Wednesday, January 9, 2019

Feiyu Tech A1000 Gimbal Teardown

The Feiyu Tech A1000 is a midsize handheld gimbal for compact cameras and small mirrorless cameras. I recently acquired one and took a look inside, with the ultimate goal of operating the gimbal without the handle, which contains the batteries and some electronics.


The gimbal consists of a "main unit", which is attached to a handle by the means of a threaded collar. The handle contains the controls for the gimbal, as well as the batteries; it is not possible by default to turn the gimbal on without the handle.

The first task was to disassemble the handle. My hunch was that the handle suppled 7.4V (2S Li-Ion) to the inverters in the main unit, and sent pan and tilt commands via serial to a microcontroller in the main unit that ran the stabilization loop and talked to the inverters and IMU via I2C.

The Feiyu gimbals are remarkably easy to take apart - everything was held together with screws with not a plastic snap in sight. Removing the four Phillips screws from the top of the handle released the connector board:



The contacts for the spring-pins on the main unit are just pads on a matte black (!) PCB; the top board is just connectors with no active components.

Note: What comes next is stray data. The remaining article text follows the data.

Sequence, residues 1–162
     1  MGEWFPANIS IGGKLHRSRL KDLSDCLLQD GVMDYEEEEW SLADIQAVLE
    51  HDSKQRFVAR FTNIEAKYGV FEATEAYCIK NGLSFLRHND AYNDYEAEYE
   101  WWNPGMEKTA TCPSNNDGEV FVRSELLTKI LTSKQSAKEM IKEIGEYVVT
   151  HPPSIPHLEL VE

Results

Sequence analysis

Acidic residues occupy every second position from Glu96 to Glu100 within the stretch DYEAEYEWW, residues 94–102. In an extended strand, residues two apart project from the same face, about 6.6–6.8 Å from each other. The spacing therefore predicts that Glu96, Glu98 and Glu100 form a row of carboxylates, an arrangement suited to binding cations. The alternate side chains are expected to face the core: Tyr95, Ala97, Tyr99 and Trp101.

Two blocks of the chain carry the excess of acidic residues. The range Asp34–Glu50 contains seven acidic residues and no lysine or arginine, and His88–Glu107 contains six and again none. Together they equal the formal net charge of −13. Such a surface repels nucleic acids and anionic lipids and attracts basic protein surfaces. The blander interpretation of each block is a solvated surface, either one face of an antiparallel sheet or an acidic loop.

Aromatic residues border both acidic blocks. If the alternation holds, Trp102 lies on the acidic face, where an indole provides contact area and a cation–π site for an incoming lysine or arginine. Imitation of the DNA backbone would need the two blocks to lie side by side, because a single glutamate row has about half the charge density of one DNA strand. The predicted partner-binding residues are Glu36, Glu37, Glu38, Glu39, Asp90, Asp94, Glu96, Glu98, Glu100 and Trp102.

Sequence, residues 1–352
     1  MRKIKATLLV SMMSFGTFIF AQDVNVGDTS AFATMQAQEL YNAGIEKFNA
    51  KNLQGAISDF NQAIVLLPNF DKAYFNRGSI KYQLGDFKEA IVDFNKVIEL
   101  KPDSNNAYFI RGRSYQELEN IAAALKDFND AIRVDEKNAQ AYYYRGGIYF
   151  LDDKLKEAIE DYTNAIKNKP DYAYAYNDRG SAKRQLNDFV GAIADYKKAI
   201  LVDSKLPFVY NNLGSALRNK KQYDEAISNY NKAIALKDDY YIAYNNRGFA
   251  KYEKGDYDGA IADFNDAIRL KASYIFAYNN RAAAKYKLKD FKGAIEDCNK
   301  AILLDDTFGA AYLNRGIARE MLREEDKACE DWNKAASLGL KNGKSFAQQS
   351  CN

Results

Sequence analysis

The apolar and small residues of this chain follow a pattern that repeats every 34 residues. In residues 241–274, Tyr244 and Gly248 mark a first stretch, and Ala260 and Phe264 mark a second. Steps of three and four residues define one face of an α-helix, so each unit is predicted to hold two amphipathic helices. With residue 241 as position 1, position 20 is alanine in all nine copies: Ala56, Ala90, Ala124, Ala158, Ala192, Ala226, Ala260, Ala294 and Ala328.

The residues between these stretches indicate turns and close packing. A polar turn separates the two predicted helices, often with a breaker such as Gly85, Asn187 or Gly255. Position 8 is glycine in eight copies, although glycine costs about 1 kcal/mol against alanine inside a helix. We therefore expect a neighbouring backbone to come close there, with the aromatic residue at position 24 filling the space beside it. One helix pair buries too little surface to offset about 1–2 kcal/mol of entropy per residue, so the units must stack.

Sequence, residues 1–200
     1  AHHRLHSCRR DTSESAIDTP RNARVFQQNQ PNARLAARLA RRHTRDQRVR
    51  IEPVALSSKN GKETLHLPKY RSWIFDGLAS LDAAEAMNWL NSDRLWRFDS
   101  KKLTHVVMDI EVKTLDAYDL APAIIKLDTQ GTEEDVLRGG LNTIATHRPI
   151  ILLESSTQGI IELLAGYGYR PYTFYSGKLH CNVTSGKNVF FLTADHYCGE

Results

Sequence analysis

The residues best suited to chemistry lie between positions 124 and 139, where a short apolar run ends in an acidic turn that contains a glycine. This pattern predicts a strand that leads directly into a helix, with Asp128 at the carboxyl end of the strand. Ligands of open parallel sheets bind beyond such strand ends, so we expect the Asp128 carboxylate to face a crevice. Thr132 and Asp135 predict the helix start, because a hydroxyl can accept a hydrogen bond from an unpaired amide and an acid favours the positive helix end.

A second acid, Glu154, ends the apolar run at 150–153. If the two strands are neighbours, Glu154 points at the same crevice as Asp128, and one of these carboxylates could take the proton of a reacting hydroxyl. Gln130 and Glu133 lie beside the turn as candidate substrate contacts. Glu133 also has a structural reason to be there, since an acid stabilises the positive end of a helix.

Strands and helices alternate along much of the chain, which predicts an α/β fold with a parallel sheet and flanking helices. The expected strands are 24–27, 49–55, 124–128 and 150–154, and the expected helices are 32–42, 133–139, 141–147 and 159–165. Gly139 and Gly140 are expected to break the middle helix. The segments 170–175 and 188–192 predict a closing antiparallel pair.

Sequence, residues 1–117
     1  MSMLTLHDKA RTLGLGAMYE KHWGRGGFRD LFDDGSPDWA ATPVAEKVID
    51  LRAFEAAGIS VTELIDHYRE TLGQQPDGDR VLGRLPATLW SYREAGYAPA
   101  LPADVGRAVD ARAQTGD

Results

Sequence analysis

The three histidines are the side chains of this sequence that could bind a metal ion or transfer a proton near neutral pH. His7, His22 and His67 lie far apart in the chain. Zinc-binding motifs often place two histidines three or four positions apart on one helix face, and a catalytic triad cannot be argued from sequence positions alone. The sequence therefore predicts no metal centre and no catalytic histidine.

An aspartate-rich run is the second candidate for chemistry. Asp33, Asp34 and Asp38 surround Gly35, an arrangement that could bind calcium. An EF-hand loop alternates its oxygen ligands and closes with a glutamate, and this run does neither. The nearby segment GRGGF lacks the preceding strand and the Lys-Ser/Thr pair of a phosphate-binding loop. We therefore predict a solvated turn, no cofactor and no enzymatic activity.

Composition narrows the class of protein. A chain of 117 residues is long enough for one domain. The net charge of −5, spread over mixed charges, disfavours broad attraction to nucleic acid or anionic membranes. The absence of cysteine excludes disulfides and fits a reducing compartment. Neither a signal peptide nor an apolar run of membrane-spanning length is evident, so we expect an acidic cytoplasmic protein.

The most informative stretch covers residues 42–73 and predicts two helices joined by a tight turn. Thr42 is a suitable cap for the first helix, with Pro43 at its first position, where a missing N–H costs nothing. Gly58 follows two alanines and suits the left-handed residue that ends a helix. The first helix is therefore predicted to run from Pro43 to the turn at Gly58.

Removing the four socket cap screws on the side of the handle reveals the bulk of the circuitry:



The module is an NRF51822 carrier module...with some sort of bonus wire on it to act as an antenna. Completely not OK - the reason manufacturers use carries is to avoid having to undergo additional FCC certification, and adding the extra antenna defeats this. The chip below it (next to the USB port) is a Silabs USB to UART bridge. This is a notable difference from the smaller Feiyu gimbals, which put the UART bridge inside the USB adapter and run serial over the physical USB connector.


The backside isn't too exciting - a buck converter provides power for the electronics on the board (and possibly logic power for the inverters as well). The connectors are all neatly labeled, a nice touch.

Moving on to the inverters (we look inside one motor, but the other three are nearly identical):


The microprocessor is an STM32F303, an popular choice for gimbals. Two shunts are present - no cost-cutting one-shunt techniques were used here.



The power stage is an MPS6536 integrated brushless driver IC. The position sensor is not on the board; presumably, it is on the other side of the motor.

The connector board on the main unit reveals something surprising: unpopulated pads for a NRF51822 module are present.


Presumably at some point during development, a handle-less version was in fact planned, but was aborted before it reached full production.

Some further analysis:

The handle does have an microcontroller in it - it is possible but unlikely that the NRF51822 (which contains a Cortex-M0) is used for the stabilization loop. However, the only data lines running up into the main unit carry 115200 baud serial on them; standard async serial is not easily daisy-chained, and very few IMU's speak UART. Most likely, one of the inverter microcontrollers also does stabilization (this is the case on the Feiyu Tech wearable gimbals, which have no handle).